• Disgaea features these in the OP, the ED, and the eyecatch, as well as within the show itself. A few attacks in the games utilize them, too.
  • In the anime adaptation of Fairy Tail, most uses of magic cause a magic circle to appear near the caster, most often around the hands. Phantom Lord's walking fortress makes a really huge example of this, one used for casting "Abyss Break". Unlike the instantly-appearing magic circles, this one is drawn into the air by the fortress' giant arms, which allows the entire attack to be aborted since the spell couldn't be launched before the circle was complete. Also, there are wizards who specialize in rune magic, which is written in the air to do whatever it's supposed to at the time do. Given the amount of time that these generally take to cast, they're more suited to laying traps, rather than having any real direct combat use, and Hades' usage of the Amaterasu runes with almost instantaneous casting time is pointed out in-universe as incredible and nigh-on impossible for even expert magicians.
  • Fate/stay night:
    • One of the first things you see is Tohsaka Rin summoning her Servant with a pretty red glowing rune/incantation circle rising from the floor, through her body and above her head (though this is subverted in the original game, where she does, in fact, prepare the circle beforehand). This is actually a subversion in the anime too, as the circle is shown drawn on the floor and does not rise up past her until after she begins the summoning ritual.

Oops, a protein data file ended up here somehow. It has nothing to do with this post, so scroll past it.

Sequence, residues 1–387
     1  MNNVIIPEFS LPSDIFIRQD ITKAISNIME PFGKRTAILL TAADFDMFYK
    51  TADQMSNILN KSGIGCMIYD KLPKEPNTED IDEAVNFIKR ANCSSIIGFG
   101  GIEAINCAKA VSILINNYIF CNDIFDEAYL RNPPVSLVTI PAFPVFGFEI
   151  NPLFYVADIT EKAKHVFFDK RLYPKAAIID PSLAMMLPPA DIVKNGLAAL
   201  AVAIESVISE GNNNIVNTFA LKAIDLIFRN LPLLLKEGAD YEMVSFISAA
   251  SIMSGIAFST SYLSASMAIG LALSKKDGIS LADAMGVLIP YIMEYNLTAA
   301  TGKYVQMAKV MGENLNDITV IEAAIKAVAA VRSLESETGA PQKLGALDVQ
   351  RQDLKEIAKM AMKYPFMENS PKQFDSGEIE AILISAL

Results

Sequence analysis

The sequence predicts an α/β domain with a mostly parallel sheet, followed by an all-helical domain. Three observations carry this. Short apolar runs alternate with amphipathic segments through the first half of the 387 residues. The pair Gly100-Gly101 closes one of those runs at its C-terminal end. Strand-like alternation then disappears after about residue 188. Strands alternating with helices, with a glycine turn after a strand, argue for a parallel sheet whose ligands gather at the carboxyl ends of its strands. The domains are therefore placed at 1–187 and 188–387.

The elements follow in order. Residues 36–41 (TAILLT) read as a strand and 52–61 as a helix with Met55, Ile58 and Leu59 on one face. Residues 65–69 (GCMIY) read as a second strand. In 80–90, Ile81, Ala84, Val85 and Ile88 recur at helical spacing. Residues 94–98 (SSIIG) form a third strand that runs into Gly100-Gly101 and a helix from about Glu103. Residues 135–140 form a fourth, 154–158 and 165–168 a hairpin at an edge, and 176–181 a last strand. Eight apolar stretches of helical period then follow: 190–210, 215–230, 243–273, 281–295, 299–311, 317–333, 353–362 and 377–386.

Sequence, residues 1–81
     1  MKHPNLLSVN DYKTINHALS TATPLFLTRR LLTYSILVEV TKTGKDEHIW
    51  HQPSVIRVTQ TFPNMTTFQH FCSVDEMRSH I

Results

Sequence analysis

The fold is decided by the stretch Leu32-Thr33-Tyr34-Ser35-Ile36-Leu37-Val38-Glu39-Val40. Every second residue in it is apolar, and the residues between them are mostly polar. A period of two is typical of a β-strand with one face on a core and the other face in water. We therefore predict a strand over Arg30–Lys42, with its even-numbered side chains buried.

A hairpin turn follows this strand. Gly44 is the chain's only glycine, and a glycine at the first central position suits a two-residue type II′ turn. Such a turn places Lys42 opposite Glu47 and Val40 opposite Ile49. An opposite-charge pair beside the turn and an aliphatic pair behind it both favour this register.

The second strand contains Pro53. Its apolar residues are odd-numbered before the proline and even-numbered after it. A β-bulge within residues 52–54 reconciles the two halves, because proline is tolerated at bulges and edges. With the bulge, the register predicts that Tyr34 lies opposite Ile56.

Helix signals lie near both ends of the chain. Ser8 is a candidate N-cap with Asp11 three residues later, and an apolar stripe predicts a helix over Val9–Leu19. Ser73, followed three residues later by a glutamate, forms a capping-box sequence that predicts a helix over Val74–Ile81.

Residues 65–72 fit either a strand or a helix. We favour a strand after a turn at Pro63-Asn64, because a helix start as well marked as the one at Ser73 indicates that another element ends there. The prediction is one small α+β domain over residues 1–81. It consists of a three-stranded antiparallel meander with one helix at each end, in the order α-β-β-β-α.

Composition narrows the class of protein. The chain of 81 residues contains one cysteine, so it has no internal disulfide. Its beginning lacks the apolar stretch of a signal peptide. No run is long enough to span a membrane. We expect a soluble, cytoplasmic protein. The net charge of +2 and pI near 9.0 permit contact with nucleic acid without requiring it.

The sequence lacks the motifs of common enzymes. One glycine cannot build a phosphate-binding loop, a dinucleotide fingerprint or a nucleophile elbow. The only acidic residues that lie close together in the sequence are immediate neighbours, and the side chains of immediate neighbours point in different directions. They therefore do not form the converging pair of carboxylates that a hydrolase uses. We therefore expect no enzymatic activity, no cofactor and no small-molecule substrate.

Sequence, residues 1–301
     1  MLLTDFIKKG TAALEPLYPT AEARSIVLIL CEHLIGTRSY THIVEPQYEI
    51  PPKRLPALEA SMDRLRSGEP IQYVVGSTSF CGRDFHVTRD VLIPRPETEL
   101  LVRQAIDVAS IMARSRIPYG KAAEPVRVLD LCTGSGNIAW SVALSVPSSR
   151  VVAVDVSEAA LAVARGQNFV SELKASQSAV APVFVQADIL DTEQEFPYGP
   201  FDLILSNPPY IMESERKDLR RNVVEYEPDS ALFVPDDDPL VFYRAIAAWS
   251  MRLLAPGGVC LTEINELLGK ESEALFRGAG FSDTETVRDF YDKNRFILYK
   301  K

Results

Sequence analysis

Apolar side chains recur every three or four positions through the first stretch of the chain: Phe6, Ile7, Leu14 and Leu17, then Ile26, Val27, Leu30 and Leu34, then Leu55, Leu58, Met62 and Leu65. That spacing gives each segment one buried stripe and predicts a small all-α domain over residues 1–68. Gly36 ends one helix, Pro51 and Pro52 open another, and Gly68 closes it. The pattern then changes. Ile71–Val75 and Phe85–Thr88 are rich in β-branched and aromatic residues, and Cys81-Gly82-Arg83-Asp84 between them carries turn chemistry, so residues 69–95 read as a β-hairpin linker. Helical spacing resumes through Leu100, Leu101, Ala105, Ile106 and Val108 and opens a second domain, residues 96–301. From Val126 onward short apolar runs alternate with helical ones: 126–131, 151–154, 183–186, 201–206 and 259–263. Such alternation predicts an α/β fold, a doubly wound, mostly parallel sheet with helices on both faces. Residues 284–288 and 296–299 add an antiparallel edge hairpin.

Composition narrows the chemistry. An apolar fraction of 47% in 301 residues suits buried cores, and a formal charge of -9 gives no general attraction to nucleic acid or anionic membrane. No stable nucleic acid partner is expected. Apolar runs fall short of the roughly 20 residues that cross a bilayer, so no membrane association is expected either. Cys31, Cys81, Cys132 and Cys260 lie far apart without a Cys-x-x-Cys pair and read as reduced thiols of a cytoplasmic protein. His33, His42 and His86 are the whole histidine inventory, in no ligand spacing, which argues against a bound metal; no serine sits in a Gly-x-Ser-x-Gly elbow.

• Played straight with Rider, in using her Noble Phantasm "Bridle of Chivalry". The best example would be in the Fate route, where a spell circle is formed from her own blood.
    • Subverted in the verse with runic magecraft. One major drawback is that it must be somehow inscribed on the target. Two characters have shown the use of runes in combat: one drew the symbols in mid-air with cigarette smoke and overlaid them on the target, while the other carried around a talon to physically carve them out.